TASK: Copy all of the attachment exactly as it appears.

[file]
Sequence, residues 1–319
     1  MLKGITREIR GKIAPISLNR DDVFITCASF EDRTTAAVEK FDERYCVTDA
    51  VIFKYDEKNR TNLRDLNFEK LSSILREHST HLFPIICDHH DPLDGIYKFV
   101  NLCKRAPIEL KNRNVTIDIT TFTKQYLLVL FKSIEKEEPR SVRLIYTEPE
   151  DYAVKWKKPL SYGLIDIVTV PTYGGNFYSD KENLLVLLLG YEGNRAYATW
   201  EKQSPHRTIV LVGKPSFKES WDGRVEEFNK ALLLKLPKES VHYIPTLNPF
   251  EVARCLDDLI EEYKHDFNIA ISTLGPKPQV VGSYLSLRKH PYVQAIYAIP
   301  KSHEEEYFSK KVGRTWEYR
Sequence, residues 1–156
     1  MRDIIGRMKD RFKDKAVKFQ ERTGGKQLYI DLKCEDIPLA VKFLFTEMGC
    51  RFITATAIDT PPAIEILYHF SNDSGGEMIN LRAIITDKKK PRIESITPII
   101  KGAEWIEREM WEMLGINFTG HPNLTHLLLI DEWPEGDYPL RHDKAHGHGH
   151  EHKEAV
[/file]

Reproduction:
Sequence, residues 1–319
     1  MLKGITREIR GKIAPISLNR DDVFITCASF EDRTTAAVEK FDERYCVTDA
    51  VIFKYDEKNR TNLRDLNFEK LSSILREHST HLFPIICDHH DPLDGIYKFV
   101  NLCKRAPIEL KNRNVTIDIT TFTKQYLLVL FKSIEKEEPR SVRLIYTEPE
   151  DYAVKWKKPL SYGLIDIVTV PTYGGNFYSD KENLLVLLLG YEGNRAYATW
   201  EKQSPHRTIV LVGKPSFKES WDGRVEEFNK ALLLKLPKES VHYIPTLNPF
   251  EVARCLDDLI EEYKHDFNIA ISTLGPKPQV VGSYLSLRKH PYVQAIYAIP
   301  KSHEEEYFSK KVGRTWEYR
Sequence, residues 1–156
     1  MRDIIGRMKD RFKDKAVKFQ ERTGGKQLYI DLKCEDIPLA VKFLFTEMGC
    51  RFITATAIDT PPAIEILYHF SNDSGGEMIN LRAIITDKKK PRIESITPII
   101  KGAEWIEREM WEMLGINFTG HPNLTHLLLI DEWPEGDYPL RHDKAHGHGH
   151  EHKEAV